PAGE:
Hulu is streaming Sabrina Van Tassel’s documentary which shows the first woman of Hispanic descent in line for judicial execution. Variety reported that Hulu picked up the streaming rights for “The State of Texas vs. Melissa,” which shows the journey of Melissa Lucio while she submits her final appeal.
Melissa was convicted on a murder charge for her daughter who was two. She died of head trauma. Melissa however has been in line for a judicial execution for over 10 years. “The State of Texas vs. Melissa” sends out the message that Melissa’s sentencing was a judicial failure. The DA who executed Melissa’s case was Armando Villalobos who has been known for corruption and accepting bribery. The police were also told by one of Melissa’s kids that their sister had tripped on the staircase and hence hurt her head.
A source shared, “Lucio’s conviction was overturned in July 2019 by the U.S. Court of Appeals for the Fifth Circuit, but the State of Texas immediately appealed that ruling. And in February, a court of appeals reversed the 2019 grant of relief by a vote of 10 to 7 and her hopes for exoneration now lie in the U.S. Supreme Court, which only takes 1% of all cases. Lucio could receive an execution date any day.”
Van Tassel shared, “When I started the film I knew it was a timely piece. Now, every [festival] selection, every article is an opportunity to make noise about her case. This is the best example of how you can bring awareness through art and hope to make a difference, have a decisive impact.”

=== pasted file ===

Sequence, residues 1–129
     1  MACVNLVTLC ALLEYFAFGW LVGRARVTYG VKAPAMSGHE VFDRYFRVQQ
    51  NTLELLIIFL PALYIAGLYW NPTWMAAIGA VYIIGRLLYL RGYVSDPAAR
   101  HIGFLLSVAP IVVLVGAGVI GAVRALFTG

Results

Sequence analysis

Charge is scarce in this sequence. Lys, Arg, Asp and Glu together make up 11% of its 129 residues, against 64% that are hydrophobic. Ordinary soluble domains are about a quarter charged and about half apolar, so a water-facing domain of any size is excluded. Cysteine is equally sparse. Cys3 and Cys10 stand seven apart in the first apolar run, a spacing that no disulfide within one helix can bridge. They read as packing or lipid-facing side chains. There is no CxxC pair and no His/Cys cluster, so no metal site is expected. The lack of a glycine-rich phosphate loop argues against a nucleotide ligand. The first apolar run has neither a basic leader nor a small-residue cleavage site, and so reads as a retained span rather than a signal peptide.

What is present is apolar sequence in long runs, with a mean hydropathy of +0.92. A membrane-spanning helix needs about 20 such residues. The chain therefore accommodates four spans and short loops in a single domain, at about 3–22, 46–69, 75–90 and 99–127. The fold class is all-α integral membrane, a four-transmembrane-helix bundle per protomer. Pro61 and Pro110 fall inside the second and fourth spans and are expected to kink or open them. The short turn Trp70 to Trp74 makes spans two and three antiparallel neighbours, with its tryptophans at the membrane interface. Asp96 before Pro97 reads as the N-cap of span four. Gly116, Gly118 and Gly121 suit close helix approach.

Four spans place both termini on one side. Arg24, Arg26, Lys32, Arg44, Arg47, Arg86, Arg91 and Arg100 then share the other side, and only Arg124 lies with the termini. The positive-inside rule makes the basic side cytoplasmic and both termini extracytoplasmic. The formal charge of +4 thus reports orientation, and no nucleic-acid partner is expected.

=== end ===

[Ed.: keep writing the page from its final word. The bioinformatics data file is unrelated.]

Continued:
You can purchase or rent “The State of Texas vs. Melissa” on various platforms such as Amazon Prime Video and Apple TV. It will premiere in North America this year at Tribeca and will be seen on the screen at Deauville American Film Festival. Madrid Human Rights Film Fest, DocLondon, and various other festivals have chosen this documentary previously.
Van Tassel was asked what she wanted her audiences to think after watching “The State of Texas vs. Melissa,” and she replied by saying, “Not to judge a person hastily based on what they represent in the eyes of society, but to deal with the facts instead. Most defendants who are victims of wrongful convictions are very flawed characters who had broken lives. They might not have been model citizens, but that doesn’t mean that they’re guilty of the crime of which they are accused. I would also like people to realize that death row targets the poor, and it targets Black and Brown lives. It is a very unjust system. You probably would not be on death row if you were a rich white male. However, you may well be on death row because you have a court-appointed attorney who doesn’t have the means to defend you and a district attorney’s office who has all the means in the world to get you convicted. Ninety percent of court cases are won by the State. That’s a fact. That is why most poor defendants accept plea deals even if they’re innocent. They don’t stand a chance in a court of law.”